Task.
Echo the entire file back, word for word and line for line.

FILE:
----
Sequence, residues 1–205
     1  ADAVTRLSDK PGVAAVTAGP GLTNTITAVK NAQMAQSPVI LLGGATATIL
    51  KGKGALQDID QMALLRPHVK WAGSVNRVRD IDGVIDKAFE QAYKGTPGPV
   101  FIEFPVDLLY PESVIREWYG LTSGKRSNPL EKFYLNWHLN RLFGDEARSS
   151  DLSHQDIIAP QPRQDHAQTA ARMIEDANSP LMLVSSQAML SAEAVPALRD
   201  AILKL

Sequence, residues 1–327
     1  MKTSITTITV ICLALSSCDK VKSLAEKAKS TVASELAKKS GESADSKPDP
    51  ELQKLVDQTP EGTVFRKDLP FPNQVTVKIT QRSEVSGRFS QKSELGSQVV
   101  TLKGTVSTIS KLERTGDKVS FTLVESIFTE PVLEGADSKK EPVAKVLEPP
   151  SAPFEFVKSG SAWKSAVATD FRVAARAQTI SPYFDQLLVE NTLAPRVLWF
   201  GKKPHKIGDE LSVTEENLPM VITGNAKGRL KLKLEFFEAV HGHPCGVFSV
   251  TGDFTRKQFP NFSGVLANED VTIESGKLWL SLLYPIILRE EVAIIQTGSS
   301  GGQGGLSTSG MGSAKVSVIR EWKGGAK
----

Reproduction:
Sequence, residues 1–205
     1  ADAVTRLSDK PGVAAVTAGP GLTNTITAVK NAQMAQSPVI LLGGATATIL
    51  KGKGALQDID QMALLRPHVK WAGSVNRVRD IDGVIDKAFE QAYKGTPGPV
   101  FIEFPVDLLY PESVIREWYG LTSGKRSNPL EKFYLNWHLN RLFGDEARSS
   151  DLSHQDIIAP QPRQDHAQTA ARMIEDANSP LMLVSSQAML SAEAVPALRD
   201  AILKL

Sequence, residues 1–327
     1  MKTSITTITV ICLALSSCDK VKSLAEKAKS TVASELAKKS GESADSKPDP
    51  ELQKLVDQTP EGTVFRKDLP FPNQVTVKIT QRSEVSGRFS QKSELGSQVV
   101  TLKGTVSTIS KLERTGDKVS FTLVESIFTE PVLEGADSKK EPVAKVLEPP
   151  SAPFEFVKSG SAWKSAVATD FRVAARAQTI SPYFDQLLVE NTLAPRVLWF
   201  GKKPHKIGDE LSVTEENLPM VITGNAKGRL KLKLEFFEAV HGHPCGVFSV
   251  TGDFTRKQFP NFSGVLANED VTIESGKLWL SLLYPIILRE EVAIIQTGSS
   301  GGQGGLSTSG MGSAKVSVIR EWKGGAK